Setting us apart from every county in the state of Virginia, the expanse of Prince William County’s landscape stretches from the Bull Run mountains to the tidal basin of the Potomac River. Our county leadership has yet to embrace and capitalize on these assets.
Do not be bamboozled. The introduction of data center campuses outside Prince William County's 2016 Data Center Opportunity Zone is folly. The only ones who will truly benefit are a handful of landowners, Dominion Energy, and the billion- or trillion-dollar profit-making tech companies.
Jim Witham, CEO of GaN Systems, notes the destruction caused by data centers in his 2018 op-ed for industry publication, “Data Center Knowledge.”
“Are we creating a better world through data, but at the same time sowing a few seeds of destruction by not paying appropriate attention to the increasing requirement for -- and inefficiencies around -- the resources data centers require: from the steel, concrete and copper needed to build them to the electricity required to run them all day, every day?” Witham writes. “There may be a heavy bill to pay, for individual businesses and the planet, if we don't rethink the practice and metrics of success and efficiency in data centers – today.”
These facts must not be ignored:
Data centers are bulk-load energy customers like few others. The power needed for just one campus of four buildings is as much as a small city, nearly 200 megawatts.
Unlike private landowners who are required to pay for their own distribution line if they build outside the electrical network, these massive bulk-load customers get a pass, making all of us pay for billions of dollars of transmission lines and substation infrastructure to ensure their bottom-line profits are never impacted.
Data centers’ carbon footprints are matched by few other industries. An update to a 2016 peer-reviewed study found that without dramatic increases in efficiencies, the information and technology industry “could use 20% of the world’s electricity and emit 5.5% of the world’s carbon by 2025.”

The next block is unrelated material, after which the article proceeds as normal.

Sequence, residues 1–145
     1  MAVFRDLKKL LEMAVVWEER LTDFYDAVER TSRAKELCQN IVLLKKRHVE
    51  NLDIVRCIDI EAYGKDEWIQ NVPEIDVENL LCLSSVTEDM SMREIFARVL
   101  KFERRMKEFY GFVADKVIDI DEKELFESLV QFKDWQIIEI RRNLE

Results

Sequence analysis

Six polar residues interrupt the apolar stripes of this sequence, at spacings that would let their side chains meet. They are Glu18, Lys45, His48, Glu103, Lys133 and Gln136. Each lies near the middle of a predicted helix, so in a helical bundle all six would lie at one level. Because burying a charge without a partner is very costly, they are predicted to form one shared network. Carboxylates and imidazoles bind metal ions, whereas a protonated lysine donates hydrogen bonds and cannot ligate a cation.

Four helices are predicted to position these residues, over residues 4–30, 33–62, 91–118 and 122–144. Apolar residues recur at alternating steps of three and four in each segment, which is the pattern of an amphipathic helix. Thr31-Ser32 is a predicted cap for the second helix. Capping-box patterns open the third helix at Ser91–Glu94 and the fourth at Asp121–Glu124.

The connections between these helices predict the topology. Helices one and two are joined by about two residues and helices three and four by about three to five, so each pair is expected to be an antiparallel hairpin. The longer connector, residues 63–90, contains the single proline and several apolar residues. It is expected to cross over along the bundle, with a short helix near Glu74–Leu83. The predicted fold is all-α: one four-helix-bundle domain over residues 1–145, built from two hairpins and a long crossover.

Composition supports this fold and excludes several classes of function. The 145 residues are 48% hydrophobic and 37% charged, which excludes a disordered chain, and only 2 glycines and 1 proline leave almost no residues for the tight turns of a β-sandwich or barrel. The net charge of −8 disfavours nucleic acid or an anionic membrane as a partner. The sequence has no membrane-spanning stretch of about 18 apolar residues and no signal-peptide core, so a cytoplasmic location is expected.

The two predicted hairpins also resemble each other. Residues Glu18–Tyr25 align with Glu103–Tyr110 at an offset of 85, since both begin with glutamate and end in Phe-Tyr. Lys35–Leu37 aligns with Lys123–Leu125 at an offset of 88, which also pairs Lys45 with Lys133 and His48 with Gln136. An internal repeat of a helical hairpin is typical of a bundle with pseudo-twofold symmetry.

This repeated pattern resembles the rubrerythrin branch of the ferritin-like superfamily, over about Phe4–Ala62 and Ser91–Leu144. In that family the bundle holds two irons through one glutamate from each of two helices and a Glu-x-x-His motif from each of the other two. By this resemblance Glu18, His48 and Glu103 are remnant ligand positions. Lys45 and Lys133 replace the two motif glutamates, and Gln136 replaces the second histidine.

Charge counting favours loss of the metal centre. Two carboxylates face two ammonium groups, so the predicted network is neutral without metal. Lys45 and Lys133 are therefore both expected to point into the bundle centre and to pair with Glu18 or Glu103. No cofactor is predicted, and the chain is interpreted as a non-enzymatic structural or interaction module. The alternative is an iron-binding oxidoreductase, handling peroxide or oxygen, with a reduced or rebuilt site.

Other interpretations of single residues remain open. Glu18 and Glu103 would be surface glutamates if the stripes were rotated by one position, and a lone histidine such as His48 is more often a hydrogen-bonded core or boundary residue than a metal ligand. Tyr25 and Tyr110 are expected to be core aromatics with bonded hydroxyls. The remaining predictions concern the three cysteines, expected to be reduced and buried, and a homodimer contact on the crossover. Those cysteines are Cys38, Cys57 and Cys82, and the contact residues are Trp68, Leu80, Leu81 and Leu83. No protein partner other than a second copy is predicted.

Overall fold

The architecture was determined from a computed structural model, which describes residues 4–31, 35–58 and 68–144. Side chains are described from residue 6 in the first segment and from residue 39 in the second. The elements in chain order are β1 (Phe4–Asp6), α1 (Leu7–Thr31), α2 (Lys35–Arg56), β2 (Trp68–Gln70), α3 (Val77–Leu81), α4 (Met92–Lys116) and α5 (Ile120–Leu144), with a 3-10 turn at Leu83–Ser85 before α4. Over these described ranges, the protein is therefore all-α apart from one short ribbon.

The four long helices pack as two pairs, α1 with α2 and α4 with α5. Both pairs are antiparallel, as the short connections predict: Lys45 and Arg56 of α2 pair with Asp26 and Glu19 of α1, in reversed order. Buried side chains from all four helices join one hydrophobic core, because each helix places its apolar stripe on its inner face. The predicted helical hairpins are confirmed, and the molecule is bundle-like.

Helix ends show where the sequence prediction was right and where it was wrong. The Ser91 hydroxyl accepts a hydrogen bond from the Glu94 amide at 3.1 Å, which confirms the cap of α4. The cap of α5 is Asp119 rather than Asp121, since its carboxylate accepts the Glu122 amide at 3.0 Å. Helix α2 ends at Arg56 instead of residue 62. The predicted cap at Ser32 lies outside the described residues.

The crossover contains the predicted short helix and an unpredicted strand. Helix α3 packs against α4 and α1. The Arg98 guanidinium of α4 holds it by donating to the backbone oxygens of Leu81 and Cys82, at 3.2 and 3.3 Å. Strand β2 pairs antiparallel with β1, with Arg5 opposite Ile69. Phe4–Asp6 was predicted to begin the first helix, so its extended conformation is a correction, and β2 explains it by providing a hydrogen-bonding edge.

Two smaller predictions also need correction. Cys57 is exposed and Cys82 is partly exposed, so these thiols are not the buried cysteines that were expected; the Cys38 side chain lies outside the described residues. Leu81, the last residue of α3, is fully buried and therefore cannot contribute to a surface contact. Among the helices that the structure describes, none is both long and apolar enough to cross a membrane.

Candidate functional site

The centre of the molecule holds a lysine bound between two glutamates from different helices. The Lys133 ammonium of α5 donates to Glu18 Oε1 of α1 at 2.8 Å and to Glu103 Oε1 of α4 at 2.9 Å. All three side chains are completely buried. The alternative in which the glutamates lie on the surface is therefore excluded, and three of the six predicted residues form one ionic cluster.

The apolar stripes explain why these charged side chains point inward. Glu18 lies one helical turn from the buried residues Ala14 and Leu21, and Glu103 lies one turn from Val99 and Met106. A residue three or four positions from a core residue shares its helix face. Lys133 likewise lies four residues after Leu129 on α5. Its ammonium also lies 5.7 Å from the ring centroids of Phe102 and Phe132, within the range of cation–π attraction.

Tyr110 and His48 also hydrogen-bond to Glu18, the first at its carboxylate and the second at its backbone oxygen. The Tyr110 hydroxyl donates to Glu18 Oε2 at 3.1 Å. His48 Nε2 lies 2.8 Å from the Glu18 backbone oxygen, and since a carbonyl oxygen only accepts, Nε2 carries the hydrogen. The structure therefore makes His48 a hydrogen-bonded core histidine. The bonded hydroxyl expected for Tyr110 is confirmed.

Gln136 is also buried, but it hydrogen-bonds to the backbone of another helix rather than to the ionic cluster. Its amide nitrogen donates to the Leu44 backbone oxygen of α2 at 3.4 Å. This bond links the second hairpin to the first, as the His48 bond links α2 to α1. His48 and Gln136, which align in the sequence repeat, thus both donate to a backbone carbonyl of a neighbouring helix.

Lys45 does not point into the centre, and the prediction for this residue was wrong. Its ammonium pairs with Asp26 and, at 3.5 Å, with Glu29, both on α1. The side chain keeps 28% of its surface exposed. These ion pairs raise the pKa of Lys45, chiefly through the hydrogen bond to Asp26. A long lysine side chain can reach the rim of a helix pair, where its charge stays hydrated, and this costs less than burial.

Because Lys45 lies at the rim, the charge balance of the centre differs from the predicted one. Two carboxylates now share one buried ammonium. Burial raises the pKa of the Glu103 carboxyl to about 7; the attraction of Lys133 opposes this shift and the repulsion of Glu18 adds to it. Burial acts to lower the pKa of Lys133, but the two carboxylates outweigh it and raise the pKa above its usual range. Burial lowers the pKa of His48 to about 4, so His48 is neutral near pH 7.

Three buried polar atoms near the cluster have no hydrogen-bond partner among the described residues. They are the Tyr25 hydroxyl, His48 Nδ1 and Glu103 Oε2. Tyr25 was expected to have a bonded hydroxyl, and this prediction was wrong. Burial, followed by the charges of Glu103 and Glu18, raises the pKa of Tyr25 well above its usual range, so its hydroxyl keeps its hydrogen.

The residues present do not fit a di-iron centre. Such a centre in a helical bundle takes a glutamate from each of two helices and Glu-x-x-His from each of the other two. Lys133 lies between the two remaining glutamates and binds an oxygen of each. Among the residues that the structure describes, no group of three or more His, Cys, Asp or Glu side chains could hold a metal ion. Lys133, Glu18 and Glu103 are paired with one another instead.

What must be addressed are the impacts these bulk-load customers have directly on our communities, on our environment, on our historic assets and on our everyday quality of life.
The Virginia State Corporate Commission legal staff said it best in the Haymarket Amazon Transmission line hearing when they noted the commission “may wish to require [Amazon] to put some of its own skin into the game. Otherwise, the general public [all of us], already burdened by the environmental and aesthetic impacts of otherwise unneeded transmission projects, [are] also burdened with 100% of the otherwise unnecessary costs.”
This statement from the SCC was remarkable and cannot be dismissed by our board of supervisors.
The board’s number one priority is to act on behalf of the people of Prince William County, not for just a few landowners looking to cash out, and certainly not to benefit the wealthiest corporations in the world.
Common sense dictates that compatibility of land uses be a priority. Rural and housing areas are NOT compatible with data centers.
Losing rural crescent acres to data centers is an environmental double whammy. It isn't just the unimaginable amounts of energy and water required to run and cool the massive buildings; it's also the actual physical footprint of millions of square feet of concrete buildings and impervious surfaces, robbing us of green spaces mandatory for our own sustenance.
This folly would introduce obscene levels of carbon while removing the lungs required to filter our environment. These actions will be tantamount to holding a drowning person under water.
The county's Data Center Overlay District was born out of a need to avoid another disaster like the Haymarket Amazon transmission line. All the stakeholders had a seat at the table, including Dominion Energy.
It is incumbent on localities to act responsibly about where data centers are placed. Not only because it is in the best interest of the community, but just as importantly, because the existential threat of climate change demands it.
Schlossberg is executive director of the Coalition to Protect Prince William County.